So far, the information in the public domain as a result of the internal probes is true, he continued. "Largely, the facts are true. Where things are missing it's just a date here and there.

"That contracts or business cases that were created by third parties were found on laptops of SITA employees are true. Monies paid to SITA employees for school fees of kids, property, livestock, are all true. And this is not just one person; it is a number of people."

When SITA began operation clean-up in 2016, Mohapi said, the organisation had already picked up issues with the contracts with FDA and began to charge the people that were implicated.

"Concerning the amounts of money paid for these contracts, our view is that we have legitimate challenges on value-for-money delivered. Our view is that there was extensive collusion of an illegal nature. We'd like to acknowledge that there are a number of court cases with FDA and related companies that have been initiated by SITA."

Staff exodus

When SITA found evidence of compromised proceedings in the HCM department, the executive committee decided to institute disciplinary proceedings. This, according to Mohapi, resulted in a large number of the management core leaving the organisation following disciplinary proceedings and others left during the hearing investigations.

If the employee relations function is corrupted, then the bad people will never leave because they will always buy themselves off during disciplinary hearings, he said.

"In the interest of this organisation and the country, we were quite ruthless last year and did not blink in disciplining people that were involved in corruption at SITA. In May last year, the people that were facing internal SITA disciplinary procedures were dismissed; some left in June, July and August. Where there was indication there was potential criminal activity, we then filed charges with SAPS and the Hawks."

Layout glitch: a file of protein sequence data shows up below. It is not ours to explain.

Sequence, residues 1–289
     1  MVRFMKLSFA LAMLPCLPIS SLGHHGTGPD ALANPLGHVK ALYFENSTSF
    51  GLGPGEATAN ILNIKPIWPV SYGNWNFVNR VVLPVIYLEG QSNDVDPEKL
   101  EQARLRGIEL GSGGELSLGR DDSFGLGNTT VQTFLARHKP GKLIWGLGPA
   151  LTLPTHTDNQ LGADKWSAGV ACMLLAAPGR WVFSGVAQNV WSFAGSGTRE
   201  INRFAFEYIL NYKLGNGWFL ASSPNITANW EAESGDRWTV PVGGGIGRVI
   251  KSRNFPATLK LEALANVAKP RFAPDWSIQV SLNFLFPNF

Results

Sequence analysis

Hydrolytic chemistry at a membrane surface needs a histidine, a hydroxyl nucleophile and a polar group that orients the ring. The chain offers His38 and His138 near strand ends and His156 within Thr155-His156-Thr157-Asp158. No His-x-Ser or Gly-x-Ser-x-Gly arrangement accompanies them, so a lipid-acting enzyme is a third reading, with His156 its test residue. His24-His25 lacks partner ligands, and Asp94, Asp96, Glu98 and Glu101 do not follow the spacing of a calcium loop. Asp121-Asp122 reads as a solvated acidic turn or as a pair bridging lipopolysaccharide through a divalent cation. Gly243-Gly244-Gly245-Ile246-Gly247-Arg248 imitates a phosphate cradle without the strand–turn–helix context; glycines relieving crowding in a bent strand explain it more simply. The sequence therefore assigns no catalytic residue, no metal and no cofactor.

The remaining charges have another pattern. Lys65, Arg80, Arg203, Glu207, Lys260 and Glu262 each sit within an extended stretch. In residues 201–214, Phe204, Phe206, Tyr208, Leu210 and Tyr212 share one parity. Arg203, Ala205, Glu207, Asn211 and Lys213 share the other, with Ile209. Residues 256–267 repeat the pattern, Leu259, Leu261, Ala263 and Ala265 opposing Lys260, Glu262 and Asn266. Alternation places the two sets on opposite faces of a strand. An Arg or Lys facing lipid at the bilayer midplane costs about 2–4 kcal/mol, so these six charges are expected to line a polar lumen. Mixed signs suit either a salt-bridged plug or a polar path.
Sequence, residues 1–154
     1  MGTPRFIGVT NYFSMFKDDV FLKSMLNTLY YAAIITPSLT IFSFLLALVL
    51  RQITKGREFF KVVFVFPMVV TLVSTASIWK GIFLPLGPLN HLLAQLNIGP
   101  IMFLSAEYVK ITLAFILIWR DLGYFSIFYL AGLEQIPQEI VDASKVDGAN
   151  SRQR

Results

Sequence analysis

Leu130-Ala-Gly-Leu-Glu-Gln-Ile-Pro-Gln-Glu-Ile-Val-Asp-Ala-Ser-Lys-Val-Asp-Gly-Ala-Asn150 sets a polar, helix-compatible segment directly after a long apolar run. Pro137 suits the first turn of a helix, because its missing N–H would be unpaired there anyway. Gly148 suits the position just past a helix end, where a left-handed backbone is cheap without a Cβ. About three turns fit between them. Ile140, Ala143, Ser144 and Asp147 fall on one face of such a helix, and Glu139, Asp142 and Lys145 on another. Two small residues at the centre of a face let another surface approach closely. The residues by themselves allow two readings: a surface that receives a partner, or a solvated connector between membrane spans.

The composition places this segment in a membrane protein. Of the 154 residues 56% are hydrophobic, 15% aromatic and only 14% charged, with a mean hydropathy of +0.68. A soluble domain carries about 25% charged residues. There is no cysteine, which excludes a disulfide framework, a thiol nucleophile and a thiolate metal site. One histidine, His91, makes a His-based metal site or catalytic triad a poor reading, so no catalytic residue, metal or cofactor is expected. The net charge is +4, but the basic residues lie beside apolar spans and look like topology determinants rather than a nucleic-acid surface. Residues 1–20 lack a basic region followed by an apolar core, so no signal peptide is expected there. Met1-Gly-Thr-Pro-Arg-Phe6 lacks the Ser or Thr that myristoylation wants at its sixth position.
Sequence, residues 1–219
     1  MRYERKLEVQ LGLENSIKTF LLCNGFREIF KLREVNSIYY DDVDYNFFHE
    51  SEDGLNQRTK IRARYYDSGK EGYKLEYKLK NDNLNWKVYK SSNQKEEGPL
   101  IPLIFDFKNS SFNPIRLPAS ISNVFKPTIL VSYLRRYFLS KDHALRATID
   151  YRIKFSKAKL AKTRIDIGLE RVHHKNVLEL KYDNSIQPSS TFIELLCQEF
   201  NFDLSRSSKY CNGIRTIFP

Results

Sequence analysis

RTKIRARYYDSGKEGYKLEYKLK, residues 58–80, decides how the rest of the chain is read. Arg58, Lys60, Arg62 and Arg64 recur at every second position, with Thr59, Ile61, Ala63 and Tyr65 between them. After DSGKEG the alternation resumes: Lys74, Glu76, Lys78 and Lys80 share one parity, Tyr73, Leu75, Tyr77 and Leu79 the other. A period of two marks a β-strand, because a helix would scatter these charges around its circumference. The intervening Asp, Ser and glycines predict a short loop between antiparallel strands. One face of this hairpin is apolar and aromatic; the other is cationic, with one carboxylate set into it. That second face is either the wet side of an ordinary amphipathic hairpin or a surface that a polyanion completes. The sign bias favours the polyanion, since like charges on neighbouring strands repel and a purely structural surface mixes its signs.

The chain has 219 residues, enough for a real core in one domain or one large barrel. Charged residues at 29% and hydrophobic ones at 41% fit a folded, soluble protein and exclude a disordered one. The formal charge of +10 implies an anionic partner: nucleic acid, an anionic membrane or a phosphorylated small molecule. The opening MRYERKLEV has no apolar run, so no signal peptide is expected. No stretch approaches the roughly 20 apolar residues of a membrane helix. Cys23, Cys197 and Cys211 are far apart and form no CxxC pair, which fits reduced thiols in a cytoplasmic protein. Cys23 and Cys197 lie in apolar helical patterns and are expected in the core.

The CEO said 180 individuals linked to corruption activity are no longer SITA employees.

As a result of the investigation into FDA corruption, three SITA employees have been dismissed, five resigned and five are under suspension, Mohapi revealed. "We are stabilising and cleaning the organisation because we want to build it towards a future."

Mohapi also warned that people in government departments use SITA as a scapegoat, and say the agency doesn't work.

What is clear is that corruption is not orchestrated within SITA alone but a lot of it is controlled from the outside and the SITA people are probably enablers, he said. Despite this, the agency will continue its clean-up process.

"It's a journey that has a lot of pitfalls and curveballs, whereby people will try everything to try and derail the process. We'd like to give comfort to the public as well that the systems of government are safe and operating well. That SITA is in control in terms of culture, ethos, strategic framework and vision, and in control technically," he concluded.